(The True Story of President William McKinley)
-Elected President in 1896-

The spry little woman of 87 smiled proudly at her neighbors. It was Sunday and she was walking to church with her son. He was President of the United States but she was proud of him as if he had been a preacher. Everybody knew that William McKinley was devoted to his mother. Everybody knew that he was a devoted Christian, taught in a Bible class and was superintendent of a Methodist Sunday school. What everybody does not know is that everyday of his mother's life, as lawyer, congressman, governor of Ohio and United States President, when William McKinley did not see his mother he either wrote or telegraphed her.

In Mid-October 1897 McKinley slipped out of the White House and took a train for Canton just to walk to church with his mother. He wanted to walk to church with her like his brothers and sisters had when "Mother McKinley" carried her brood to church as soon as they were old enough to toddle.

Nancy Allison McKinley was fond of all her five girls and four boys but she seemed to lean slightly to her husband's namesake. "William is going to be a preacher someday," she once said proudly. But when William became United States President instead it was all right with her. He would conduct himself befitting to the Christian gentlemen she had raised, whether he is preacher or President.

When President McKinley took the oath of office as president of the United States, he placed his lips on these words: "Give me now wisdom and knowledge, that I may go out and come in before this people, that is so great". Though advanced to the highest honor possible, yet he was deeply conscious of his responsibility; and also felt his need of divine assistance.

William McKinley was the 25th president of the United States. Under his leadership the United States became a world power. McKinley was one of the most honest, gentle, kind, and considerate of men.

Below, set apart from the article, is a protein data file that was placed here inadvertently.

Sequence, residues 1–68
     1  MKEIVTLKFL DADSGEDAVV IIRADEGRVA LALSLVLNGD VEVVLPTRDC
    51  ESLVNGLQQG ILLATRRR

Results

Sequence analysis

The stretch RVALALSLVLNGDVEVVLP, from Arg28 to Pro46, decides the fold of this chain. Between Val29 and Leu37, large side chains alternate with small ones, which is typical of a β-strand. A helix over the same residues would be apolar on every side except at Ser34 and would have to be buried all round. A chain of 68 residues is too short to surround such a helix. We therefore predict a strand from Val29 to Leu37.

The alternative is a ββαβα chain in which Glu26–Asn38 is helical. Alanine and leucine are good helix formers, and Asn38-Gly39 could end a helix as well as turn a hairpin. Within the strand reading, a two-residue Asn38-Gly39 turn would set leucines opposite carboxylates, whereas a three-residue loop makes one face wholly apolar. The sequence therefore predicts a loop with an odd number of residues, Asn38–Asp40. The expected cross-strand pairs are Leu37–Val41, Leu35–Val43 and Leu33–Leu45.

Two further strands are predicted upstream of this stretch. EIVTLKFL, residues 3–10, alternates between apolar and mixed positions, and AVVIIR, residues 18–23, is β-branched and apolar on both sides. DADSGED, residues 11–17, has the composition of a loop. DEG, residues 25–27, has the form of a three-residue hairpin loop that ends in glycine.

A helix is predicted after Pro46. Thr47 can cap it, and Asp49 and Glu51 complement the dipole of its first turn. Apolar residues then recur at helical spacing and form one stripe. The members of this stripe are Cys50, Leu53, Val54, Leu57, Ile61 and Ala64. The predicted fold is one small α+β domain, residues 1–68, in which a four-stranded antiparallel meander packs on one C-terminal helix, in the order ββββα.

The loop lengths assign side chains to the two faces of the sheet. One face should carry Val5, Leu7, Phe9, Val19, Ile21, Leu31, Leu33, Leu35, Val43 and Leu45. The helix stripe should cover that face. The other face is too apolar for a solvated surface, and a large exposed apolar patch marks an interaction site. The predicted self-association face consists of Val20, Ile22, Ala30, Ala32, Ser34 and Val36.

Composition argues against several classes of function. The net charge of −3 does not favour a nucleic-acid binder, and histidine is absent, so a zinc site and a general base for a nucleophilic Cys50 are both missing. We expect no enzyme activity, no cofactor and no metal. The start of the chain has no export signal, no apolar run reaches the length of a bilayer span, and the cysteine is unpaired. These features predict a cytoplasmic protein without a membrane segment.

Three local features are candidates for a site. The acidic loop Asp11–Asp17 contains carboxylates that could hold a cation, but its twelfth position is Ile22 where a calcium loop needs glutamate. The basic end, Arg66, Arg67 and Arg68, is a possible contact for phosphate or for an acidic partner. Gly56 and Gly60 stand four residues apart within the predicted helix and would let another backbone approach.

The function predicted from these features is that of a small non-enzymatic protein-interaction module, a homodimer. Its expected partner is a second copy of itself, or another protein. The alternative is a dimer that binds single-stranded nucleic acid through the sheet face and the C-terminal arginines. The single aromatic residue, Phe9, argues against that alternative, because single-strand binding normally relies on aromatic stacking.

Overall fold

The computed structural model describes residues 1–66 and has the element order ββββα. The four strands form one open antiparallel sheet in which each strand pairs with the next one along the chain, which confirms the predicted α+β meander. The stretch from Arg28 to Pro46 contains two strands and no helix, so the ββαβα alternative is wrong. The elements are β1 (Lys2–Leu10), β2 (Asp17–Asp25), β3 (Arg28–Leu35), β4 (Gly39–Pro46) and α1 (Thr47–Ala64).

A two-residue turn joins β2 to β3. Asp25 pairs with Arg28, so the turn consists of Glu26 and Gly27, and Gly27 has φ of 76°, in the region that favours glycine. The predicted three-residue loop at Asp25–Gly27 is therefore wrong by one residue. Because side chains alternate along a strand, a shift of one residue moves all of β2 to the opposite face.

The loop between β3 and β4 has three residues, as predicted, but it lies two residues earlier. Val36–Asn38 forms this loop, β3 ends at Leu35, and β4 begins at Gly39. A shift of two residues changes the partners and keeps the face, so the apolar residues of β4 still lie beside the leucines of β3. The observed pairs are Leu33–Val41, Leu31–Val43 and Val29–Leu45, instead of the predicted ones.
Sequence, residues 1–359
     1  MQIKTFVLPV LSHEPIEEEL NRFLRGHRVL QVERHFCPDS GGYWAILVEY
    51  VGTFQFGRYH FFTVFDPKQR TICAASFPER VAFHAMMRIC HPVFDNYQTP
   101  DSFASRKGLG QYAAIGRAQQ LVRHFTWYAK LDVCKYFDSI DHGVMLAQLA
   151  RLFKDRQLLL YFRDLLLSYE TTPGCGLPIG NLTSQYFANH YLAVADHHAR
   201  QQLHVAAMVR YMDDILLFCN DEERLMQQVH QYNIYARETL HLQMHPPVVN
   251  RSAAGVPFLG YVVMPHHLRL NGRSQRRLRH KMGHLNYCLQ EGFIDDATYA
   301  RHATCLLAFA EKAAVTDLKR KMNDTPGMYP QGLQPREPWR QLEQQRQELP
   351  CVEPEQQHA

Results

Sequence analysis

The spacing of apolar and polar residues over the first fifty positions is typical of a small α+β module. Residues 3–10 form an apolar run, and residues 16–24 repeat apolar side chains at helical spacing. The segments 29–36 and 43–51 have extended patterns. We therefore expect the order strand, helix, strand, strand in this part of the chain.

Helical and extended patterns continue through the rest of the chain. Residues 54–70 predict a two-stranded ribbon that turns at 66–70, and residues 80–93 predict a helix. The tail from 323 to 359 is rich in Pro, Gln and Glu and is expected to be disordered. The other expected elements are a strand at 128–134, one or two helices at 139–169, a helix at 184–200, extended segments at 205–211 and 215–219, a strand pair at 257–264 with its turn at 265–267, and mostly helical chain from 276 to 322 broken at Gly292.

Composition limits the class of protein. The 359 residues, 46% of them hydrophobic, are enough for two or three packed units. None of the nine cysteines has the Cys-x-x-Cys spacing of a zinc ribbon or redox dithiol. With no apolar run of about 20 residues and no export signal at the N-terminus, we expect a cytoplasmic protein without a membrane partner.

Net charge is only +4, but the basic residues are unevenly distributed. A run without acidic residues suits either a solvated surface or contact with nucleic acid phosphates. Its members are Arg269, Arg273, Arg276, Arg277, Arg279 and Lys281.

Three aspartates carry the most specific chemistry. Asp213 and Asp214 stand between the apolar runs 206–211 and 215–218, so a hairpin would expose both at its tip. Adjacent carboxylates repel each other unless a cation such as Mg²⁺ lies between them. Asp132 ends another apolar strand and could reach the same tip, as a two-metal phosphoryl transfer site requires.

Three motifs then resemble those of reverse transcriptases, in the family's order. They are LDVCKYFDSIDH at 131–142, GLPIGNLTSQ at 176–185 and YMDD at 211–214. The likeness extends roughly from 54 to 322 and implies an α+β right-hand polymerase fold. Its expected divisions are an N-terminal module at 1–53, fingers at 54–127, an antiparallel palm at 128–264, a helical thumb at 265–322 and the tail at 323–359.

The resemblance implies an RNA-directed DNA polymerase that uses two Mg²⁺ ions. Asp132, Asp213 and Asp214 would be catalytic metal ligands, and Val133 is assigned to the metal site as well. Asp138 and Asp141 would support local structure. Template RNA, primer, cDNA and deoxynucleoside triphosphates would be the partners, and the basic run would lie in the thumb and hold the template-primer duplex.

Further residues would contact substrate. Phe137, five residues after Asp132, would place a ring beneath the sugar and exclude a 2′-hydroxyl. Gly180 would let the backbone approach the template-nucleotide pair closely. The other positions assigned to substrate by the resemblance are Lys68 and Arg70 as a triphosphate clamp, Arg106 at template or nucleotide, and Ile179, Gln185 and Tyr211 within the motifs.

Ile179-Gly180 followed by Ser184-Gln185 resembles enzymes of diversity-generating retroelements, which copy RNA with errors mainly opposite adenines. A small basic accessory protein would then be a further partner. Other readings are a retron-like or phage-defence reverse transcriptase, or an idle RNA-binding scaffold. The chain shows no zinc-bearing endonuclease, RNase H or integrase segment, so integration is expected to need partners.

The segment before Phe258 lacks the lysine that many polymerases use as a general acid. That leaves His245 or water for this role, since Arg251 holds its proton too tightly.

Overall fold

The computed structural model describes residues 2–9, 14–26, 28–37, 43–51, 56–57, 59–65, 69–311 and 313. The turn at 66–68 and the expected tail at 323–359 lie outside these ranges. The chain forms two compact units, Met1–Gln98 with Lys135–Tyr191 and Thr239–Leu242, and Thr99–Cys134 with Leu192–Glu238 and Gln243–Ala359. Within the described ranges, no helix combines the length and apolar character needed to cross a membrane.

When President McKinley's mother became ill the winter of 1897, he had her home in Canton connected with the White House by special wire. And he kept a train standing by under full steam 24 hours a day. One night when mother McKinley called for William attendants wired. "Mr. President, we think you had better come." The answer flashed back. "Tell Mother I'll be there."

On Sunday afternoon, December 12,1897, Nancy McKinley breathed her last in the arms of her 54 year-old son. For fully an hour after she died he didn't move from her bedside.

Less than four years later, while making a speech in Buffalo, McKinley was cut down, by a bullet from the gun of an anarchist. With no bitterness even for his assassin the dying President said, "God's will be done." Then he called for a hymn his mother had taught him: "Nearer, My God, To Thee." His body was brought back to Canton and laid to rest beside his mother. Hymn-writer Charles M. Fillmore wrote a song that was inspired by William McKinley's telegram.


When I was but a child how well I recollect,
How I would grieve my mother with my folly and neglect;
And now that she has gone to Heaven I miss her tender care,
O Saviour, tell my mother I'll be there.

One day a message came to me, it bade me quickly come,
If I would see my mother ere the Saviour took her home;
I promised her before she died, for Heaven to prepare;
O Saviour, tell my mother I'll be there.

Tell mother I'll be there, in answer to her prayer,
This message, Blessed Saviour, to her bear!
Tell mother Iíll be there, Heavenís joys with her to share,
Yes, tell my darling mother Iíll be there.